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Autism Awareness Month Highlights Dangers of Wandering

Landmarks around the globe were illuminated in blue lights to mark World Autism Awareness Day 2015.

April is Autism Awareness Month. Autism organizations throughout the world use this month to educate the public about autism and to raise money for autism research and awareness. One important issue impacting many with autism is wandering.

Wandering is the term to used to describe the event when a person with autism leaves a safe, supervised area like a workplace, school or home. When people with autism wander they can end up in dangerous situations. Nearly half of children on the autism spectrum are believed to engage in wandering, a behavior that can and does sometime end in tragedy.

On October 4, 2013, a 14-year-old nonverbal boy with autism went missing. Avonte Oquendo wandered from his Long Island City, Queens school and three months later his body was found along the East River. In August 2014, New York City Mayor Bill de Blasio signed a new measure, known as Avonte’s Law. The bill requires alarms to be installed on the outside doors of all elementary schools, and other buildings serving students with special needs where the Department of Education and NYPD find that they would boost safety.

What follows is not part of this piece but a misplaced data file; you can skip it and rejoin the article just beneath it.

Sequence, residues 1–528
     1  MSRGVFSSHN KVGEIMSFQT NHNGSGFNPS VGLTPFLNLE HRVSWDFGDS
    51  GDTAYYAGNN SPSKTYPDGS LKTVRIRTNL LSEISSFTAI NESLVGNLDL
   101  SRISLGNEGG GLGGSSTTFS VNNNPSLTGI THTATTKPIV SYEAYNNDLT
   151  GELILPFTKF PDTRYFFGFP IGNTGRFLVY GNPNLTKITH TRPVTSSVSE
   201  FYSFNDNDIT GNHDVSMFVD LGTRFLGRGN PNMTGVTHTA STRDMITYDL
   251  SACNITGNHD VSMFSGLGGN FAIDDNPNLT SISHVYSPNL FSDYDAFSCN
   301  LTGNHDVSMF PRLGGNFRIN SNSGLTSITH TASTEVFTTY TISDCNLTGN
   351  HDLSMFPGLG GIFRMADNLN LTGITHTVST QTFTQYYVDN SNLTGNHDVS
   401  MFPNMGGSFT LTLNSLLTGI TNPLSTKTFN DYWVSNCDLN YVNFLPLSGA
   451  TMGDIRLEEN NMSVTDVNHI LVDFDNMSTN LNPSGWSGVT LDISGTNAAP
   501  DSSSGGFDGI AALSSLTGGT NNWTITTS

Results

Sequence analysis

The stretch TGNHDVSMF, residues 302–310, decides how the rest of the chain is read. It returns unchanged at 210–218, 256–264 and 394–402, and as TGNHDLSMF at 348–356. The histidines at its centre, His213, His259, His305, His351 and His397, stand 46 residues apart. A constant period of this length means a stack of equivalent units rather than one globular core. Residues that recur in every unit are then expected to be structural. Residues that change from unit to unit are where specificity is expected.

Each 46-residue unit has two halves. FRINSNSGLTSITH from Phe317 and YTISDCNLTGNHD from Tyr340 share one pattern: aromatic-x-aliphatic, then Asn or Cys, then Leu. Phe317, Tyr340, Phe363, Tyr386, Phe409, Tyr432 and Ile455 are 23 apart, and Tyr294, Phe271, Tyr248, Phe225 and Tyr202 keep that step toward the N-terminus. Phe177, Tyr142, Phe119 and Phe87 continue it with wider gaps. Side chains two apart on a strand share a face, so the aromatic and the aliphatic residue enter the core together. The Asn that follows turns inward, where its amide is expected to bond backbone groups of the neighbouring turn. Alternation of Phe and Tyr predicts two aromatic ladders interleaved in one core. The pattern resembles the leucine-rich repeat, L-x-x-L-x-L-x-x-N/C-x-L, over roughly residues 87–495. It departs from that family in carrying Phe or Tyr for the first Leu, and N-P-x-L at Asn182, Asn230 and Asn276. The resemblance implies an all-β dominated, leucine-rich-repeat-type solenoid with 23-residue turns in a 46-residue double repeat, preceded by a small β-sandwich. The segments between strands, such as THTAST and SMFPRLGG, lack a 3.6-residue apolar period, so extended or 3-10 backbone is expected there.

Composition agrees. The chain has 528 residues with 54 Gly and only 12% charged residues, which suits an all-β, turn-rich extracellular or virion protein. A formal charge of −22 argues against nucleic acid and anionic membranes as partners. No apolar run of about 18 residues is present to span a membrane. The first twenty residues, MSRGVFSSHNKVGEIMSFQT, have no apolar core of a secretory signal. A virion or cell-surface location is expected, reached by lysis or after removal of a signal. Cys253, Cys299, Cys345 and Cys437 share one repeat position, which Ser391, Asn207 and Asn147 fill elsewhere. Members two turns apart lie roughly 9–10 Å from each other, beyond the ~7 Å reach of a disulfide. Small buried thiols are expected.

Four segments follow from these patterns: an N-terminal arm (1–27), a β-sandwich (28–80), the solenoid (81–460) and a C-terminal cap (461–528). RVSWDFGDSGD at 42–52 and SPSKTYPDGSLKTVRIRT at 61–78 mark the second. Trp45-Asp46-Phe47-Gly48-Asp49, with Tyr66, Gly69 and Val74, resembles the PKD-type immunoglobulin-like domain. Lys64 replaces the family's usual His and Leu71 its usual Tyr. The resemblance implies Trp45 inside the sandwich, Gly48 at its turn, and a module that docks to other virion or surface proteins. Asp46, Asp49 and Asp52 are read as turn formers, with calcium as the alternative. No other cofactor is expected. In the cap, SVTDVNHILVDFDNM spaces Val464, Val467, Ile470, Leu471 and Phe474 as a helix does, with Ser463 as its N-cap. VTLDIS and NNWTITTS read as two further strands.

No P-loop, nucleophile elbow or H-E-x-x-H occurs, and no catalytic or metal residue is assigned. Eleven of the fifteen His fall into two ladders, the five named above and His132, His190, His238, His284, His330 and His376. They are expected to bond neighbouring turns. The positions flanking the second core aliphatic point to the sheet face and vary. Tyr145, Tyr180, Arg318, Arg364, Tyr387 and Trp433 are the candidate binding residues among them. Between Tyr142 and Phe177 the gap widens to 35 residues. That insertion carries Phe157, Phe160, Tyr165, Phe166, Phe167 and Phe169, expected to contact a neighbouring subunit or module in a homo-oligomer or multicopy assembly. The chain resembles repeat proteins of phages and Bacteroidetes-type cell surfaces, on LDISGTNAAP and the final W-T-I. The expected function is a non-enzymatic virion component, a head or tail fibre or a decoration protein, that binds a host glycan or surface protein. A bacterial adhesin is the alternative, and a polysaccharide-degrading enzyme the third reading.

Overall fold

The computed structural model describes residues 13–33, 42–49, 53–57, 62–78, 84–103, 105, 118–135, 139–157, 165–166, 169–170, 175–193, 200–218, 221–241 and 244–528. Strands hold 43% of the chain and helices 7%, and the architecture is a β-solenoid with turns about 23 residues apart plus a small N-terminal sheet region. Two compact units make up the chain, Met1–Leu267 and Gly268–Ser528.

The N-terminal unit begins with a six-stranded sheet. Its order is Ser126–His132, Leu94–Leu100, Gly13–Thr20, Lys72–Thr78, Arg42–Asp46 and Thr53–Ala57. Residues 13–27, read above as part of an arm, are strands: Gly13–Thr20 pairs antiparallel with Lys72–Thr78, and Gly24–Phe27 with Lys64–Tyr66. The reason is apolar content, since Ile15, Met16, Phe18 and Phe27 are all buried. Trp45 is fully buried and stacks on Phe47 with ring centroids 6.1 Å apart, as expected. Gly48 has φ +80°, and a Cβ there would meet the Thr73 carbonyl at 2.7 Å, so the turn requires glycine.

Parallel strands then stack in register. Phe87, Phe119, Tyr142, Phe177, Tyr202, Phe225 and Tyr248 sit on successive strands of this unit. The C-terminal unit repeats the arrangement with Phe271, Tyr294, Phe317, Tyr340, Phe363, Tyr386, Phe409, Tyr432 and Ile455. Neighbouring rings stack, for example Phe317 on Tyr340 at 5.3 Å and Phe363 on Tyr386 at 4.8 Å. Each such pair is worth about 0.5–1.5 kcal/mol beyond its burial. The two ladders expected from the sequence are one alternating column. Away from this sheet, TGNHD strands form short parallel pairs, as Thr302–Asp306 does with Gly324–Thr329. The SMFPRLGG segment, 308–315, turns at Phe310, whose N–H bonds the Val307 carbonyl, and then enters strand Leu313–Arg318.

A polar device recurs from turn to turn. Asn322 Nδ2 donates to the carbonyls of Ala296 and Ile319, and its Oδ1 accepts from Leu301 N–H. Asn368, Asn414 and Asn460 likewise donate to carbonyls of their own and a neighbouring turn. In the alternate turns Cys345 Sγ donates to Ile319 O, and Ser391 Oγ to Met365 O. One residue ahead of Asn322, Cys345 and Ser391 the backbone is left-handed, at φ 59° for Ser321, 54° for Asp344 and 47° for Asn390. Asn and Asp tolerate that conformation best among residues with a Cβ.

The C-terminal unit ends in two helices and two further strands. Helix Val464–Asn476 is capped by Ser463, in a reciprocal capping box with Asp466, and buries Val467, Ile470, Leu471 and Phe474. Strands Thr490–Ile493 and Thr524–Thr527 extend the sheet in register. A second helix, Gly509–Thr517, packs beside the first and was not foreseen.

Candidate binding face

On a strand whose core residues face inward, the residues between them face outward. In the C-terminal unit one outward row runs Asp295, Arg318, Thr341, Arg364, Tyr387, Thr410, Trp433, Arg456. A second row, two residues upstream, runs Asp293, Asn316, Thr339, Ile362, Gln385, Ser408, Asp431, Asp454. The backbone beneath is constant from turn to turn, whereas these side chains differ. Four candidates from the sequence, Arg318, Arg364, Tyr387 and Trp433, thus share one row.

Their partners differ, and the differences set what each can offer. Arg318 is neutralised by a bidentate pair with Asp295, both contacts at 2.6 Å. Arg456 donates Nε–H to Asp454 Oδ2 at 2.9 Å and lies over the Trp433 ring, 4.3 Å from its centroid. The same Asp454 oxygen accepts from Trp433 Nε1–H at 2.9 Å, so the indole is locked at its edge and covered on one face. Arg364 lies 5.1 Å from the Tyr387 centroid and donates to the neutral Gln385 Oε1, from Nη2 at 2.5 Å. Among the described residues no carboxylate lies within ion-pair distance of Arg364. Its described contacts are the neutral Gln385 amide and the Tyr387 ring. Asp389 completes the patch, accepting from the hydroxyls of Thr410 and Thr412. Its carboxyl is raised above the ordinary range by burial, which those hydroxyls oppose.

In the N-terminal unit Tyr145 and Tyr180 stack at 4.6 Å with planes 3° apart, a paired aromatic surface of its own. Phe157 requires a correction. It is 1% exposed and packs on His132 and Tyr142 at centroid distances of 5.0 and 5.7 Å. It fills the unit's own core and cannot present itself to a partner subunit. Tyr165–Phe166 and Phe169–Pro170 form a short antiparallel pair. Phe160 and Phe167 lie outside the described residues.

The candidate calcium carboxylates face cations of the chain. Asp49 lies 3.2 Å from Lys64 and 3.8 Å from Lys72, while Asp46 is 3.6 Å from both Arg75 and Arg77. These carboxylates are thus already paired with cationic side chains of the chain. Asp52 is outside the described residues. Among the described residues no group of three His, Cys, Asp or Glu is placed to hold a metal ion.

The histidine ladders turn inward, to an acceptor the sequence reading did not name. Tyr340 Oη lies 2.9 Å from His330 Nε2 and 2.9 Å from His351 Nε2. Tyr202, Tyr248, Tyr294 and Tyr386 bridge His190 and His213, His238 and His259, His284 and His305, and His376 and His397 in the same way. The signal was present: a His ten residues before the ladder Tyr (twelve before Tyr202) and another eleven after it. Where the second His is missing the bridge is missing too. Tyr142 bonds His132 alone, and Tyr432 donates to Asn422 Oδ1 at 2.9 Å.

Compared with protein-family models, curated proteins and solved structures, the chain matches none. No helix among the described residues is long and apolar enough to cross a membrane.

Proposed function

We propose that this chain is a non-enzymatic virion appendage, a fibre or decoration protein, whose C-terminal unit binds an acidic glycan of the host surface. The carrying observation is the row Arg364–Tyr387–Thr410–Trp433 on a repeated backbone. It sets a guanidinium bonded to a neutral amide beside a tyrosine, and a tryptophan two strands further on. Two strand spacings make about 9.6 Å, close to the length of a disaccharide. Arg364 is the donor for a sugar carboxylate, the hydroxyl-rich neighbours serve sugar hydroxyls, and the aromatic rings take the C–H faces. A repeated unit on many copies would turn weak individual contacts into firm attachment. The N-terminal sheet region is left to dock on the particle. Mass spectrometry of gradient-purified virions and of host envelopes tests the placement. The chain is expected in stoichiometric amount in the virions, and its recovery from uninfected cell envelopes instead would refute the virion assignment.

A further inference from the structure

Sen. Chuck Schumer (D-N.Y.) reintroduced this bill on January 19, 2015. Now, the U.S. Senate is considering a bill known as Avonte’s Law that would provide funding for law enforcement agencies and other qualified organizations for education and resources, including voluntary tracking devices that can help locate people with autism who wander and go missing.

Wendy Fournier, president of the National Autism Association, said parents are encouraged to implement measures that help prevent children with autism from going missing, including security alerts on doors and ID bracelets or tracking devices. She said swimming lessons also are critical. Autistic children are attracted to water.

“About 90 percent of the kids who die following a wandering incident die from drowning,” she said.

Autism statistics from the U.S. Centers for Disease Control and Prevention (CDC) identify one in 68 children will be diagnosed with autism spectrum disorder. Autism is almost five times more common among boys than girls. An estimated 1 out of 42 boys and 1 in 189 girls are diagnosed with autism in the United States.

The first National Autism Awareness Month was declared by the Autism Society in April 1970. In 2007, the United Nations designated April 2 as World Autism Awareness Day.


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